NOW.  Side note.  B has been "working on" this gift for me for some time.  He has talked about trying to figure out how to make it.  He has met with other people about the best way to go about it.  He has hidden in the garage and done "secret shit" a lot.  I haven't had a fucking clue, and honestly, I haven't thought much about it because I figured "secret shit" was just code for "avoiding my drunken, obnoxious wife" which is fine, because I totally avoid MYSELF about half the time.  But anyway.  So THIS GIFT I WAS TO OPEN WAS THAT GIFT.  The one he had been working on.  I was almost nervous because what if I didn't like it?  I'm terrible at faking liking things that I don't.  WHAT IF THIS GIFT THAT I WASN'T EVEN SURE I WANTED TO OPEN CAUSED THE WHOLE WEEKEND TO GO INTO FREAKIN' MARITAL LOCKDOWN, STAT STAT, BECAUSE I WAS MAD THAT I HAD A STUPID PRESENT AND HE WAS HURT BECAUSE I DIDN'T LIKE HIS STUPID PRESENT?

Okay,  Resume, please.

SO I opened the gift.  And I burst into tears.

Side Note #2.  Over the weekend of February 18th, we rented a giant beach house with a group of friends in the Outer Banks and basically spent three days with the kids locked in the basement and ourselves perpetually drunk (with the exception of one poor friend of mine who is currently gestating a young 'un and couldn't imbibe like the rest of us-- you have NO IDEA how sorry I feel for her for being stuck us our drunk asses for the whole weekend).  HOWEVER, on the 18th, which is my Dad AND my (paternal) Grandpa's birthday, both to whom I was extremely close and both of whom I have lost, I sobered up, got up early, and went for a very long run on the beach.  I never saw another soul.  I ran half the time with my eyes closed.  The sunlight was gorgeous, the sky was a fury of pinks and purples and blues and golds, and for just a little while, I could feel my Dad besides me, appreciating the peace.  Reveling in the beauty.  Before I left and headed back to the house, I picked up a little purple and white shell that was lying in the sand by itself.  It reminded me of my Daddy, because he knew purple was my favorite color and so he would always bring me purple things (ink pens, flowers, etc).  The shell was smooth and oval, slightly smaller than a quarter, and I tucked it into my pocket as a talisman, to touch and remember the feeling of seeing my Dad in the sunrise over the ocean.  When we returned home, I slipped it into my jewelry box and touched it from time to time, thinking of our weekend.  It made me happy.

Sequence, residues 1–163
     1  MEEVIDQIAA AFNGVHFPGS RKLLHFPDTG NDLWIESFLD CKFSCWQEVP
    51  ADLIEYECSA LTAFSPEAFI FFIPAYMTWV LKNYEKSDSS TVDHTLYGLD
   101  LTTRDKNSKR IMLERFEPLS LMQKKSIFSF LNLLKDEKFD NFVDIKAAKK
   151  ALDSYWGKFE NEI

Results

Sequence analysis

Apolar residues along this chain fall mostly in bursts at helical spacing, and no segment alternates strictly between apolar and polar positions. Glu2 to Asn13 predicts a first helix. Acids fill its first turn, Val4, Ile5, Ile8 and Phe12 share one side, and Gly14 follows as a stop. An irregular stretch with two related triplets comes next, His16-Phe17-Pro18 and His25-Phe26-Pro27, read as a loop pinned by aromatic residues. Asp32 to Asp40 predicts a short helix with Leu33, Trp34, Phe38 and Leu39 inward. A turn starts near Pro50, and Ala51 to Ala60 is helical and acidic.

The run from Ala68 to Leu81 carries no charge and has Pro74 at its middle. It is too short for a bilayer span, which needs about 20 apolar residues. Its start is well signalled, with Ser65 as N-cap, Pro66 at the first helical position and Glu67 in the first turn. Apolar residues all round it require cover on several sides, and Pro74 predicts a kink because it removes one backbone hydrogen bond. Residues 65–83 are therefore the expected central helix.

Okay, Resume Again, please.

Blaker had taken my shell, my DAD shell, and polished it to a shine.  Then he had polyurethaned it to a slick, glossy finish.  Somehow, he had drilled a teeny, tiny little hole into the top and found a teeny, tiny sterling silver ring to put through the hole.  He had bought a dainty, sparkling sterling silver chain on which it could hang, carefully measuring the length against another necklace I love to make sure it was my "favorite" necklace length.  In the barest of terms, Blaker gave me the essence of my Dad in a necklace.

He can't give me my Dad back, but he can help me preserve the memory of Dad.  He can help me save and enjoy the things that matter.

And that, my friends, is more than I could ever have asked for in a mate.  Someone who can take the little things that are important to me, and recognize them for how much they matter.  Someone who can give me a present that turns my CRAZY ASS BLOG POST ON ITS HEAD.  Someone who reminds me to treasure this life that I have. 

I hope all of you are as lucky as I am.